It took more than a year to get Disney to understand our sentiments and do the right thing,” explains Southern California housewife Jayashree Krishnan. “Fired up by the article I read in Hinduism Today [Ganesha Lives in Disneyland, November, 1996] which described the display of Lord Ganesha in a most derogatory manner, I could not stay passive. I visited Disneyland in November of 1996 and was appalled and deeply hurt to see Ganesha thrown among janitorial supplies in the queue area of the Indiana Jones Adventure ride. My heart sank hearing the giggles of the passers-by and, even worse, the indifference and passivity of Indians.”

Krishnan tried to rally the local Hindus to rescue Ganesha from His hapless plight, but the response was discouraging. “I felt helpless and vulnerable,” she recalls. “And I wondered whether mighty Disney would even care if I voiced my opinion. So, I approached the big Hindu organizations. I elicited my husband’s help to write to the VHP and American Hindus Against Defamation (AHAD) through the Internet. There was no response from the VHP.” The AHAD was eager to take up the matter, but they were engaged in a skirmish with Sony over the defamation of Lord Krishna [Hindu Protest Forces Sony to Remake CD, July 1997]. A “higher official” at a famous Hindu Temple in the Los Angeles area told her, “Lady, you can do what you want. My one phone call to Disney will take care of this problem.”

Apparently it did not. After seeing no change during a visit to Disney in the spring of ’97, Krishnan concluded it was up to her alone. She collected signatures from friends at the Chinmaya Kasi center in Anaheim, California. Bramachari Someshwar, the resident acharya, spoke to the congregation to rally support. She distributed pictures and the mailing addresses of the officials at Disney whom she had already written to.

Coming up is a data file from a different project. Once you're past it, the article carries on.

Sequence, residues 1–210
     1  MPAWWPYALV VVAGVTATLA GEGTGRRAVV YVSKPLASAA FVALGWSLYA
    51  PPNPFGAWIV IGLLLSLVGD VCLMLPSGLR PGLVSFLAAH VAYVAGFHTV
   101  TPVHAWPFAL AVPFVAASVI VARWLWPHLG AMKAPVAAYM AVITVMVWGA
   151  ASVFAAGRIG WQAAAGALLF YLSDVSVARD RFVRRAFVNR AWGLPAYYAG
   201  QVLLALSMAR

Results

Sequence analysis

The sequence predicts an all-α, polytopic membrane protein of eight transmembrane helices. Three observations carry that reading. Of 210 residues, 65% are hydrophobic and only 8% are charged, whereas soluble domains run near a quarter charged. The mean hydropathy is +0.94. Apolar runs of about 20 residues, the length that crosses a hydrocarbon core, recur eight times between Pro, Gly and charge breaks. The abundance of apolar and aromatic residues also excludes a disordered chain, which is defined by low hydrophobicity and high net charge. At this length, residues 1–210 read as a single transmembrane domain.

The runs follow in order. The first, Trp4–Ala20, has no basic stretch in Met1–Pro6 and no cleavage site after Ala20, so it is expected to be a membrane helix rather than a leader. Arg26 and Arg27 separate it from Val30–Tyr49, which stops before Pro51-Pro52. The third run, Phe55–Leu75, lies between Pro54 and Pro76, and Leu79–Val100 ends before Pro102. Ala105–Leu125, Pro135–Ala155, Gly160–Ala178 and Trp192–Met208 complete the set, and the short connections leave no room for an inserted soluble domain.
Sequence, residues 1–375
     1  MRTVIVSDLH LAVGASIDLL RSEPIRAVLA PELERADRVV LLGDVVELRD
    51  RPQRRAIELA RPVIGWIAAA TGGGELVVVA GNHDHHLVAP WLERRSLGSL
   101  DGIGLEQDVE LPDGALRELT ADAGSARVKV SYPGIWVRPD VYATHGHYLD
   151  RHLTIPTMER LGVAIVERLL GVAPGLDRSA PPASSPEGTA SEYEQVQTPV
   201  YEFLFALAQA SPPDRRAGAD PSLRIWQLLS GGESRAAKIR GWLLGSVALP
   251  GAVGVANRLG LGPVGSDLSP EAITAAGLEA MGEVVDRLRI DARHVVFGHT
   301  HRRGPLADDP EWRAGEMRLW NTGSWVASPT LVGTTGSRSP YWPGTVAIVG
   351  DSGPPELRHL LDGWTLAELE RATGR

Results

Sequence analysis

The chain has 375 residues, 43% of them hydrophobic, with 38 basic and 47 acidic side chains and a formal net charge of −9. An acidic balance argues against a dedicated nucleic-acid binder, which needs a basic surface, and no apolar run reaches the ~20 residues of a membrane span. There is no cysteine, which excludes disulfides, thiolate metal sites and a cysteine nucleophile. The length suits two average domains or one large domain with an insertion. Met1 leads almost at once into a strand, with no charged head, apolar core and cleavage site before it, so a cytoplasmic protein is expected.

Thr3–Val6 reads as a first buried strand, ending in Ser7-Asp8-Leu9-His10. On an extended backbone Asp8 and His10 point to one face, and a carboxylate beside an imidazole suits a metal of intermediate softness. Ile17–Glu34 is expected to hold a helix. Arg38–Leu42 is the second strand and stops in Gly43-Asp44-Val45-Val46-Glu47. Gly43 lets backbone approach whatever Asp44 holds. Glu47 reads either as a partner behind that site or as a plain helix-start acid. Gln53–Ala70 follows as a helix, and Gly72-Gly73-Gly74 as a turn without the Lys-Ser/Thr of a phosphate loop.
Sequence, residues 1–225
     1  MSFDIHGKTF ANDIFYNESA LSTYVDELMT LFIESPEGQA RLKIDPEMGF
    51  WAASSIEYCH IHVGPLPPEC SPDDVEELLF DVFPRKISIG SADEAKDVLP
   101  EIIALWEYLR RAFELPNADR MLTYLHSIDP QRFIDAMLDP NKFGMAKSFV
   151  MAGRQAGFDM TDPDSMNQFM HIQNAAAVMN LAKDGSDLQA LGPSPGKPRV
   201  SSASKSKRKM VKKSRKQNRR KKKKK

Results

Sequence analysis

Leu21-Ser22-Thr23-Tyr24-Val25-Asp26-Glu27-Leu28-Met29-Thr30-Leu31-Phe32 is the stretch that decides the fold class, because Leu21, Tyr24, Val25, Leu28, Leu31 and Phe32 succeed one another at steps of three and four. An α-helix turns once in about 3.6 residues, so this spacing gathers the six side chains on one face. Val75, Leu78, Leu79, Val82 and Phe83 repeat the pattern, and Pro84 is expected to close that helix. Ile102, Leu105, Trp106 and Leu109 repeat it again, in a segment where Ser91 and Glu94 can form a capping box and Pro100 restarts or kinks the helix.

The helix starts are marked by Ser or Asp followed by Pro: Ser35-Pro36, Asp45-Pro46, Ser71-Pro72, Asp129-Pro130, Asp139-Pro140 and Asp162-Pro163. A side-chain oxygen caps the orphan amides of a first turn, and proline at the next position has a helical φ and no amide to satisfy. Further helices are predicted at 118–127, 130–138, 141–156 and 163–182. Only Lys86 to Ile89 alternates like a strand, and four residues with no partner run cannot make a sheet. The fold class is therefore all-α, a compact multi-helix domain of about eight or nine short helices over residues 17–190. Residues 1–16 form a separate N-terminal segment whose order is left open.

Much of her ordeal was simply waiting. Six months later, a letter from Disney stated that they were looking into the matter. Fearing that her appeal was drowning in red tape, Krishnan renewed her effort to get people to write to Disney. Finally, in late July she received a cordial letter from Christine Goosman, a senior show writer in Show Writing and Concept Development: “I apologize for the delay. I waited to write this letter until the situation had been resolved and I could bring you a positive response. Following in-house discussions with our designers and management, the statue of Ganesha has been removed from the queue area and is no longer in public view. We are sorry that the inclusion of the figure caused offense, but want to assure you that the situation has been corrected. Thank you for taking the time to write us with your concerns and for your patience in awaiting a response. Your input was of great value to us.”

Triumphant and relieved, Krishnan exults, “One of the most satisfying moments of my life was receiving that letter. Without the article in Hinduism Today, I would not have become aware of such an insult to Lord Ganesha by an American icon.”

Another Ganesha still sits contentedly in the adjacent Jungle Cruise ride. His surroundings are natural, not derogatory, so His placement was never found offensive.